Self-Awareness and Stress Management

Managing Stress Amidst COVID-19

For the past few months, COVID-19 has complicated our lives. Whether the virus has caused a change of life plans, getting laid off, or losing a loved one, many of us have had to deal with stressful situations triggered by the pandemic. Sometimes it can feel like our lives are entirely out of control. According to the Mental Health Foundation, stress is defined as “the degree to which you feel overwhelmed or unable to cope due to unmanageable pressures.” Essentially, we experience stress when we feel as if a situation is out of our control.

If we practice self-awareness regularly, we will be less likely to feel out of control but rather stay continually conscious of how our circumstances affect us.

At its core, the body’s stress response exists to help keep us safe in dangerous situations. However, experiencing stress for long periods can take a toll one’s physical and mental health. Elongated periods of stress can raise blood pressure, cause sleep deprivation, and lead to constant headaches or bodily pain. Additionally, stress can affect one’s mood, making them more irritable, anxious, and emotional. These factors combined can lead to some serious health issues down the road if not appropriately addressed.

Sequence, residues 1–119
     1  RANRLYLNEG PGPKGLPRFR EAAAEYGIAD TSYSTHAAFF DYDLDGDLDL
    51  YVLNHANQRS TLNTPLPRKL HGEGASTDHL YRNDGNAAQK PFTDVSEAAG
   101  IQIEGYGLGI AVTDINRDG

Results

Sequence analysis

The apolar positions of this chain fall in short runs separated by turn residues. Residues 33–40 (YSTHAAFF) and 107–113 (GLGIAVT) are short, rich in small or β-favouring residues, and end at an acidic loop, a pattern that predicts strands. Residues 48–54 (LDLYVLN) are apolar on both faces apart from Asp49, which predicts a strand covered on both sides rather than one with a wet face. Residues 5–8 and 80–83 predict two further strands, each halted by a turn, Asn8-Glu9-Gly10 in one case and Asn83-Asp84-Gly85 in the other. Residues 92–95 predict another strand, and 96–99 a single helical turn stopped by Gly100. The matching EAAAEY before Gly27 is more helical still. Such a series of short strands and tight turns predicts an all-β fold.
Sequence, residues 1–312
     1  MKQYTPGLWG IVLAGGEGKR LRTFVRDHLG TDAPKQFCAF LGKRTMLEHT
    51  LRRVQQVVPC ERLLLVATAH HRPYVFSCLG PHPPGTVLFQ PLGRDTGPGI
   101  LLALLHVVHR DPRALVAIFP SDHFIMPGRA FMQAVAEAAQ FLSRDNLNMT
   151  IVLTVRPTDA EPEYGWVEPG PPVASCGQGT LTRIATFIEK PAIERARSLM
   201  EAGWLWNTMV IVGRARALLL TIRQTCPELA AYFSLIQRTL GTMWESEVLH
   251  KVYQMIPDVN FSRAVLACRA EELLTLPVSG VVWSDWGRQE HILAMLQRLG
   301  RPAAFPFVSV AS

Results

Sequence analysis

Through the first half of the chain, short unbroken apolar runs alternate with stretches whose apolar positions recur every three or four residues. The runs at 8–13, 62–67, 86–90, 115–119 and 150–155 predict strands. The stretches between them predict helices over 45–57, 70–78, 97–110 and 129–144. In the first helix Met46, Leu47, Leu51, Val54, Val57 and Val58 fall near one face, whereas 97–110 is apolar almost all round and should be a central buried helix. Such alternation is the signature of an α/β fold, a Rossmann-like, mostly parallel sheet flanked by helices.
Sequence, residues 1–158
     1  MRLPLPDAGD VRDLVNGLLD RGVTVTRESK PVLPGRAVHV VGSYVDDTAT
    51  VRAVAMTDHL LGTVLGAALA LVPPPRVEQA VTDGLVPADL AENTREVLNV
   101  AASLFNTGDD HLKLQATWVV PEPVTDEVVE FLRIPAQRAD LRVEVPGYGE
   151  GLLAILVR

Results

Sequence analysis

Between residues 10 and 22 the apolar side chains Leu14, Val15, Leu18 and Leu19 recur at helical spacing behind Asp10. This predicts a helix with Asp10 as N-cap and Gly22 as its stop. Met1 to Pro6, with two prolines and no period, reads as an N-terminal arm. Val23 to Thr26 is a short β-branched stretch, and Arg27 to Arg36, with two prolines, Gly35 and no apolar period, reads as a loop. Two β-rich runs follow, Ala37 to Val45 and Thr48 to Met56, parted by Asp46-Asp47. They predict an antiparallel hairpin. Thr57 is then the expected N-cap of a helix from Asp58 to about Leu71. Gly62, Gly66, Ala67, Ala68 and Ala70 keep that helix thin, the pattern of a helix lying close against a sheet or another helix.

Stressful Triggers and Self-Awareness

Many of us can recognize when we feel stressed. However, it can be challenging to determine the source of where that stress is coming from. Some common causes of stress include the death of a loved one, serious illness, the loss of a job, or a sudden change in life circumstances Sound familiar? At some point or another, COVID-19 has probably caused one if not multiple of these scenarios in your life – making it difficult to identify just one source of stress.

This is where self-awareness comes in. Self-awareness is the ability to look at yourself through a relatively objective viewpoint. In terms of stress, it can be helpful as it forces you to take a step back from your current situation and look at your life through a third-party perspective.

It is much easier to address life’s problems and stay self-aware with a well-rested mind rather than a sleep-deprived one.

Often, when we are in stressful situations, the emotions that follow upsetting events can blur our vision and warp our perception of our situation. However, being self-aware can help you manage your stress in that it separates your emotions from who you are as a person. This notion comes from a concept called Self-Awareness Theory, which states that we are not our thoughts, but rather an entity with autonomy over our thoughts. If we practice self-awareness regularly, we will be less likely to feel out of control but rather stay continually conscious of how our circumstances affect us.

Practices to Cultivate Self-Awareness